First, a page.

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Addressing the relatively incorrect use of the word “relative”

One of the most common mistakes I find when editing is the misuse of the adjective “relative” or its derivative adverb “relatively.” Here’s an example:

She was a relatively heavyset woman.

What is the woman’s appearance relative to? Twiggy? A hippopotamus?

When describing an entity as relative, it needs to be compared to something else. The New Oxford American Dictionary, 2nd edition (on my iBook) defines relative as

considered in relation or in proportion to something else: existing or possessing a specified characteristic only in comparison to something else; not absolute

Unless you clarify what is being compared, “relative” and “relatively” add no meaning to your writing and should not be used (unless, of course, you’re talking about your Uncle Frank from Oakland).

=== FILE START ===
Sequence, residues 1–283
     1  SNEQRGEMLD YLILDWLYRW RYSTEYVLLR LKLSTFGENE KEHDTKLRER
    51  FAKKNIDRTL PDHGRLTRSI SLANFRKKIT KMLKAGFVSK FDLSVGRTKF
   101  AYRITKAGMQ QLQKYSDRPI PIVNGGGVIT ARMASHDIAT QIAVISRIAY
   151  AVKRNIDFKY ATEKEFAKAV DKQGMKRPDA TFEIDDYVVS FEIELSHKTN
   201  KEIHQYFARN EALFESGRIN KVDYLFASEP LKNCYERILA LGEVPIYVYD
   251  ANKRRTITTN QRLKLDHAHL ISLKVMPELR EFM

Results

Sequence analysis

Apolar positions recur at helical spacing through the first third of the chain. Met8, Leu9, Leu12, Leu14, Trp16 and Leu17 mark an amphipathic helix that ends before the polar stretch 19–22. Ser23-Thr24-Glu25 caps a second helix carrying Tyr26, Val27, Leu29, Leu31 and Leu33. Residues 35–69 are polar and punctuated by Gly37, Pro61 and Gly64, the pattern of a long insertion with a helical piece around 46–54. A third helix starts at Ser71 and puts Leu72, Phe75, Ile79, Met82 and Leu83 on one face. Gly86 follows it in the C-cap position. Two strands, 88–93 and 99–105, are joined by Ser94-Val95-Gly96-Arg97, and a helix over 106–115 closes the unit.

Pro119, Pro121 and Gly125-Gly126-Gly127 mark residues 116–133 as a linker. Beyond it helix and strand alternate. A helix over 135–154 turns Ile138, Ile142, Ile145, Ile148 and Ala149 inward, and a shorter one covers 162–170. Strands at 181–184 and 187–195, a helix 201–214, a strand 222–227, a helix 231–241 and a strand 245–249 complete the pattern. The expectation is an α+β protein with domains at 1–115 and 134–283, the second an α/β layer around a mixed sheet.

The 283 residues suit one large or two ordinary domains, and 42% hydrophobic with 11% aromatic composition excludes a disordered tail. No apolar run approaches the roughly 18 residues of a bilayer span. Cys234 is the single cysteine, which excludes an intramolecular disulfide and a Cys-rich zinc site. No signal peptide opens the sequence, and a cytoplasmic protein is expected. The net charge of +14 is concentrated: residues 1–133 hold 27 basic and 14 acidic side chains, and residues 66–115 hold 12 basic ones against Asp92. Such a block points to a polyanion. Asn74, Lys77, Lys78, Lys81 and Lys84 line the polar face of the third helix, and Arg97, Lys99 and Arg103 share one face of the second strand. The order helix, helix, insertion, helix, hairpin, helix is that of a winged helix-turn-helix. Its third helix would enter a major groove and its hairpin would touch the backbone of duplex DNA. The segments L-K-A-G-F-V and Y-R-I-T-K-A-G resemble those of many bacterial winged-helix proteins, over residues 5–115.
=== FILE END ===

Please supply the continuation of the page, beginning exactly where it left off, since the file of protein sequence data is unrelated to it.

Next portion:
Many writers are afraid of being forceful, lest their readers disagree with them. So they dilute their conclusions with meaningless adjectives and adverbs.

If you’re afraid of your conclusions being misinterpreted, use specific words that clarify your opinion. If you’re just afraid your audience won’t like what you have to say, don’t be. An irritated reader often denotes an effective author.

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